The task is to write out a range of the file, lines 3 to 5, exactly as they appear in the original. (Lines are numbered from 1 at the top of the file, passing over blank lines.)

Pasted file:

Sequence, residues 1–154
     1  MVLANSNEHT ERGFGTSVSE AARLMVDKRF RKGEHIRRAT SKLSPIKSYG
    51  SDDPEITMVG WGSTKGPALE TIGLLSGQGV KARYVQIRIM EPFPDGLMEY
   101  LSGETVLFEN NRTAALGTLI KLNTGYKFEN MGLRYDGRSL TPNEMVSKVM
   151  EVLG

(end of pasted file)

    51  SDDPEITMVG WGSTKGPALE TIGLLSGQGV KARYVQIRIM EPFPDGLMEY
   101  LSGETVLFEN NRTAALGTLI KLNTGYKFEN MGLRYDGRSL TPNEMVSKVM
   151  EVLG